Crew chief Robbie Loomis and driver Jeff Gordon finally have developed the kind of personal chemistry that leads to victories.
By JOANNE KORTH
© St. Petersburg Times,
published August 18, 2001
Robbie Loomis can just about tell what's wrong with a race car from the way it sounds, but it didn't do the No. 24 Chevrolet any good until Loomis turned that same sensitive ear toward the driver.
Jeff Gordon's tone said everything.
"There's more to be learned from the things that aren't said than the things that are," Loomis said. "When you talk to someone who's just been to an adventure park, you can tell from their voice which ride was the most exciting."
In their second season together, Loomis and Gordon finally have developed the personal chemistry needed to produce championship results. Getting there had much more to do with mannerisms and inflections than air pressure and chassis adjustments.
Gordon, who leads the standings by 194 points over Ricky Rudd, has won a series-high five races this season and will look to win his third straight Sunday in the Pepsi 400 at Michigan International Speedway.
"It took time to get to know each other," said Loomis, who left after more than a decade at Petty Enterprises to work with Gordon. "Now that we've been together for a while I can tell in his voice how good or how bad the car is. Even if he's telling me it's good, I can tell how good, and whether we need to keep working on it."
Last season, it was usually a question of how bad.
Gordon, who won three championships and 47 races in seven seasons with crew chief Ray Evernham, was ninth in the 2000 Winston Cup standings, his lowest position since finishing 14th as a rookie in 1993. Even his three victories signified a slide, snapping his string of five seasons with seven or more wins.
Many blamed Loomis.
"I remember the first race when people were saying that Robbie was ruining Jeff's career," team owner Rick Hendrick said. "I put my arm around him and told him, "I get most of that hate mail. Don't feel bad about it. We've just got to keep digging.' "
Loomis heard the jeers, especially from fans who lined the fences of the Winston Cup garage area at tracks. Though he claims never to have worried about the outside criticism, Gordon knew such scrutiny was in store for whoever replaced Evernham.
"Nobody wanted this job," Gordon said. "There's a lot of positive things, but then you look at the negative side and there's probably more. The media and fans could just tear you apart if you didn't live up to (past accomplishments). ... But Robbie saw this was an opportunity for him to not only shine, but to be a part of something special."
For Loomis, the hardest part about joining Hendrick Motorsports was not the pressure, but the sadness he felt leaving the Pettys, who made him feel like part of the family.
"I felt like we were still building and going forward at Petty Enterprises, but something inside said I needed to do this," said Loomis, who served as crew chief for No. 43 for nine seasons, including Richard Petty's farewell tour in 1992.
"Everybody says that about Ray and the accomplishments they had here, but I knew about Hendrick Motorsports before Jeff and Ray came along. ... I knew there was more to it than two guys."
Much of Gordon's pit crew was new in 2000 -- five members of the Rainbow Warriors left for Dale Jarrett's No. 88 team -- making the transition to a new crew chief even tougher. Three races into 2000, Loomis hit an all-time low.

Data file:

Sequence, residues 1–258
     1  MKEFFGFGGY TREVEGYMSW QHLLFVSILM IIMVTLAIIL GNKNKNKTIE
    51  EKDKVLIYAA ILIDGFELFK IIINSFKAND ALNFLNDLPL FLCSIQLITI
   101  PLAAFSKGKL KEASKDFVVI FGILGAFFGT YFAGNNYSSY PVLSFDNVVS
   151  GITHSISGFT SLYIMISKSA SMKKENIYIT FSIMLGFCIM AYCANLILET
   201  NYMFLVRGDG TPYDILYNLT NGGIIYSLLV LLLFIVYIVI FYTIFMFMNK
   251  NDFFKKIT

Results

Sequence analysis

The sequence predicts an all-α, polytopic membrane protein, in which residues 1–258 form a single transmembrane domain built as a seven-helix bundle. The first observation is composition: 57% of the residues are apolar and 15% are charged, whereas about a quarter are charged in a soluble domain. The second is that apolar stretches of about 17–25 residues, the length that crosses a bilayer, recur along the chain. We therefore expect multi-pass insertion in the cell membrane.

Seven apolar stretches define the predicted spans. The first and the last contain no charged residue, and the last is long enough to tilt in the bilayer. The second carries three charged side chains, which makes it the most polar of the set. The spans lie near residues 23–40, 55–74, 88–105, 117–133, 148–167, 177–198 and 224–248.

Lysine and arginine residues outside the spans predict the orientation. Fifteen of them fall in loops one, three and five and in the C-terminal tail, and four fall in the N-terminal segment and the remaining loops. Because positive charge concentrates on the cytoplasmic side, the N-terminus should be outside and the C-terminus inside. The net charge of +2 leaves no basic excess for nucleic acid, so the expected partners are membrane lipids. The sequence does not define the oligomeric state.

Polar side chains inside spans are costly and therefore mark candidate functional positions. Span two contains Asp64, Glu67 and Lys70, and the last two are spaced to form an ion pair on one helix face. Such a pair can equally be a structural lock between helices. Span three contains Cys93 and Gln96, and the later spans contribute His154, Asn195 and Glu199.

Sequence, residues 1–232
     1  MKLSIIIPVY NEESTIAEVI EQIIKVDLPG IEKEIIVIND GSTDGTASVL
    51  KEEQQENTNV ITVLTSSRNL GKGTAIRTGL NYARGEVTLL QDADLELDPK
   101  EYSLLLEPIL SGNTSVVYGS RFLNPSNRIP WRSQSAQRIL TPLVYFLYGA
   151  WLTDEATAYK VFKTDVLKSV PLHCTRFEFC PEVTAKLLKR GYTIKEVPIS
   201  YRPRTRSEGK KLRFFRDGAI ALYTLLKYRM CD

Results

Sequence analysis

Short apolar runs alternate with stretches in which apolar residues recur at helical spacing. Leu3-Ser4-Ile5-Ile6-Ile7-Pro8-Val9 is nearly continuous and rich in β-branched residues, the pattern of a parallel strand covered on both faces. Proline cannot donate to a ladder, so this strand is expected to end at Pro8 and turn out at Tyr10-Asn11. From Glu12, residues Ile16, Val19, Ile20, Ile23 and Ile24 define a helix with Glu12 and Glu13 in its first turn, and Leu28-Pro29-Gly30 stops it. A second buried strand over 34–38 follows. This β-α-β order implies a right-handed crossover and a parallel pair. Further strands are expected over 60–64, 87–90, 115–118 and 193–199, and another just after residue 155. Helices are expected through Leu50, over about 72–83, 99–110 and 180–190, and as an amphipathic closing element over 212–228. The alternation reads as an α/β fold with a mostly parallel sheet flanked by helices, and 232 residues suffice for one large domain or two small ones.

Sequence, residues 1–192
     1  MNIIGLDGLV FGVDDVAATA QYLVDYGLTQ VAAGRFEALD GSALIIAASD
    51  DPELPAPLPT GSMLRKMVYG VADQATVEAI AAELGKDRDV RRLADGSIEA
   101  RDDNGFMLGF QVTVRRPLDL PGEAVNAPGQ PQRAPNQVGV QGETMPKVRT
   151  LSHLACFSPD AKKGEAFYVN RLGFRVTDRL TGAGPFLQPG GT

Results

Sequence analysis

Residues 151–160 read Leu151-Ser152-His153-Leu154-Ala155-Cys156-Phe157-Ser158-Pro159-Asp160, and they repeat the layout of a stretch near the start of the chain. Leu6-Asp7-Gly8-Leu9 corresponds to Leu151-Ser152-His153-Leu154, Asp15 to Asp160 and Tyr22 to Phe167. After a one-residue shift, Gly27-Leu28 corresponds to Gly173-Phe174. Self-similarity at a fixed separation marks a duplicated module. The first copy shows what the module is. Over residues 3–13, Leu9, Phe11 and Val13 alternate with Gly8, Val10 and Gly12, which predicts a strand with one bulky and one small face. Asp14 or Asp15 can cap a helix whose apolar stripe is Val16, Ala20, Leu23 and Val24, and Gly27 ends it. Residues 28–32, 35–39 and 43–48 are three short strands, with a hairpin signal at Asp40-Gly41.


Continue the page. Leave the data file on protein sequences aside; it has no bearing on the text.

Gordon qualified 10th at Las Vegas but wrecked with Dale Earnhardt during practice. When the race started, No. 24 went backward, quickly.
"At one point in the race we were running about 35th," said Loomis, whose laid-back personality belies an intense desire to win. "We hadn't been communicating that long and it was hard to understand Jeff to know how bad the car was."
Gordon finished 28th, the second of nine races in which he placed 23rd or worse last season. Realizing that his relationship with Loomis would be different than with Evernham, Gordon spent more time in the shop working with his new teammates, consoling and encouraging.
While he was at it, relationships blossomed.
Gordon's third victory of the season, at Richmond in September, marked a turning point as teamwork, communication and great pit stops throughout the race turned a so-so car into a winner.
Just like old times.
This season, Loomis confidently makes decisions based on the feedback Gordon gives him. But if Loomis were prone to panic, the Brickyard 400 at Indianapolis Motor Speedway would have been a perfect opportunity. Gordon was in ninth place when debris brought out a caution flag 28 laps from the finish, allowing leaders to make final pit stops.
A week earlier, Loomis' decision to change four tires cost Gordon a possible victory at Pocono. At Indy, he called for right-side tires only, gas and one round of wedge. Eleven seconds later, Gordon was the first to leave pit road. He took the race lead on the restart and pulled away to his third victory in the race's eight-year history.
"Everybody thinks we're in the racing business, but we're really not," Loomis said. "We're in the people business. It's all about people and how they work together."
POSITION: Crew chief, No. 24 Chevrolet.
HOMETOWN: Forest City.
RESIDES: Charlotte, N.C.
NOTES: Loomis has collaborated with some of the most-recognized names in NASCAR. He worked with the late Alan Kulwicki in the minor leagues before finding a home with the legendary Petty family. ... In 11 years at Petty Enterprises, he served as Winston Cup crew chief for nine seasons with the No. 43 team, including Richard Petty's final two seasons as a driver in 1992. ... He got his first win with driver Bobby Hamilton at Phoenix in 1996, also winning with Hamilton at Rockingham in 1997 and John Andretti at Martinsville in 1999. ... He left Petty Enterprises for Hendrick Motorsports in 2000. ... In his 11th season, he has 11 career victories.